This case is not like Kurz. There was no occasion to address the effect of a self-concealing wrong there, because there was no concealment. Indeed, we observed in Kurz that the employer's announcement of the amendment at issue just 35 days after the alleged misrepresentation “exemplifie [d] the type of timely notification that companies should give their employees”, and “foreclosed any suggestion that [the employer] attempted to conceal its plans or engaged in a campaign of fraud to prevent the plaintiff class from suing for the alleged breach”. 96 F.3d at 1552. In the present case, in contrast, the company's conduct was far from exemplary, as it engaged in a “systematic campaign of confusion.” In re Unisys Corp. Retiree Medical Benefits ERISA Litigation, 1994 WL 284079 at 33 (E.D.Pa. June 24, 1994); see also In re: Unisys Corp. Retiree Medical Benefits ERISA Litigation, 1996 WL 455968 at *4-6 (discussing sufficiency of evidence of systematic misrepresentation and confusion in reinstating claims of Burroughs and Unisys plaintiffs). As discussed above, one effect of the resultant confusion was to mislead beneficiaries into believing they had no need or cause to sue.12 Consequently here, unlike in Kurz, it is necessary to consider the effect of such self-concealing misconduct on ERISA's statute of limitations.
The rationale underlying the self-concealing wrong doctrine has long been recognized in our law:
To hold that ․ by committing a fraud in a manner that it concealed itself until such time as the party committing the fraud could plead the statute of limitations to protect it, is to make the law which was designed to prevent fraud the means by which it is made successful and secure.
Bailey v. Glover, 88 U.S. (21 Wall.) 342, 349, 22 L.Ed. 636 (1874). This principle that the law should not reward concealment is particularly applicable in the context of a fiduciary relationship. See Amen v. Black, 234 F.2d 12, 26 (10th Cir.1956) (“The law does not require one to suspect his fiduciary. Surely no one would contend that the ․ statute of limitations was intended to impose upon the defrauded party the burden of discovering a fraud perpetrated by one standing in a position of trust.”).13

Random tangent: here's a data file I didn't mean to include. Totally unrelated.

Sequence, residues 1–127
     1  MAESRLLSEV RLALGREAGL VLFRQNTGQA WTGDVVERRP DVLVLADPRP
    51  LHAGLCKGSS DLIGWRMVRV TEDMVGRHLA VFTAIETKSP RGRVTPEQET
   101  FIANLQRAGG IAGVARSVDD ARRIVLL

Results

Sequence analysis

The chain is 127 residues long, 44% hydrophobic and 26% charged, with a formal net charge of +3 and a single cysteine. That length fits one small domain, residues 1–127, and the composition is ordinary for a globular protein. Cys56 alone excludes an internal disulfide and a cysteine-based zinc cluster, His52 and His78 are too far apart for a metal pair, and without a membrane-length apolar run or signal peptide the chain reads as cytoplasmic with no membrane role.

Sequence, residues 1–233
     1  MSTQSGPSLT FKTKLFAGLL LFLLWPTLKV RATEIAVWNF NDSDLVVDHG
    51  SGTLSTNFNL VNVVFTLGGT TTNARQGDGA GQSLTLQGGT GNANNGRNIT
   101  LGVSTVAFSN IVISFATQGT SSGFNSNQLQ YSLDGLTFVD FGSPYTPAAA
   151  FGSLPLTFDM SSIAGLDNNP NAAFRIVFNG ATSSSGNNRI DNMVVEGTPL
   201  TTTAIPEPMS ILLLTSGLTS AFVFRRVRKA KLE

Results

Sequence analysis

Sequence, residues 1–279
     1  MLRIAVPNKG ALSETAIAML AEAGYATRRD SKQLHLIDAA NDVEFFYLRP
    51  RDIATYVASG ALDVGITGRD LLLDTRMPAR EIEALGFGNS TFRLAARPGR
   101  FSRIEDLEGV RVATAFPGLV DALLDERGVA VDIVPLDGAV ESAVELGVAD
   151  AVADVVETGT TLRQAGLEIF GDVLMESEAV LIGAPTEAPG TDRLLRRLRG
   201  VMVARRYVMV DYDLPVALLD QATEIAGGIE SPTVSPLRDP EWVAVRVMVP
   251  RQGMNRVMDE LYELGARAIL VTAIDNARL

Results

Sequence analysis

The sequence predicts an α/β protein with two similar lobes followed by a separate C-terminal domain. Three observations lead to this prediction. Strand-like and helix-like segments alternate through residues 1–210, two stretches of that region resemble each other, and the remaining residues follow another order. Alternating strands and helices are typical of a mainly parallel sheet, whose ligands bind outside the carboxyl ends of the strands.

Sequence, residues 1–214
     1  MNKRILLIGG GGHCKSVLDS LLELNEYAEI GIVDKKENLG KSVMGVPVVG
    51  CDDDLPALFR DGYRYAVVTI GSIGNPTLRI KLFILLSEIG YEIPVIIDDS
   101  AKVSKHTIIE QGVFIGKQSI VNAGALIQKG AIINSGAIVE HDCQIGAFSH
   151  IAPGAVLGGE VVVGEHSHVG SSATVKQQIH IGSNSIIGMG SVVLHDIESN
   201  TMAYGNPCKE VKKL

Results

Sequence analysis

If ever a case calls for application of the self-concealing wrong doctrine, this is such a case. Considering the facts in the light most favorable to the participants, as the party opposing summary judgment: Unisys purposely systematically misled its workers into believing that they had a legally protected right to medical benefits for life; 14 it perpetuated the misinformation by repeating its misstatements to many employees over a period of years; 15 and it avoided any action that would have brought the misrepresentation to the participants' attention, by paying the benefits until after the statutory period had passed.
Thus, Unisys's conduct may be distinguished from a garden-variety fiduciary breach by two important factors: first, the beneficiaries were deceived, and remained so, to Unisys's knowledge, for several years, until shortly before suit was filed; and second, the deception was procured by a systematic course of repeated misrepresentations calculated to prevent the entire class of aggrieved retirees from learning the truth. I believe this amounts to a self-concealing wrong, sufficient to toll the statute without regard to “additional” conduct-such as telling retirees that the reservation of rights in the SPD did not apply to them-which the majority properly finds sufficient to create a triable issue of concealment.16
The majority gives great weight to Unisys's distribution of a Summary Plan Description with a reservation of rights clause. Any implication that there can be no concealment where an accurate SPD is provided is inconsistent with our cases holding that participants can be misled despite an accurate SPD, and that a fiduciary should not be permitted to prey upon the participants' foreseeable confusion.17 Moreover, it is inconsistent with the majority's own recognition of evidence that, “despite the existence of the SPD”, employees had “the mistaken belief that their health benefits were guaranteed for life.” Supra at 509.18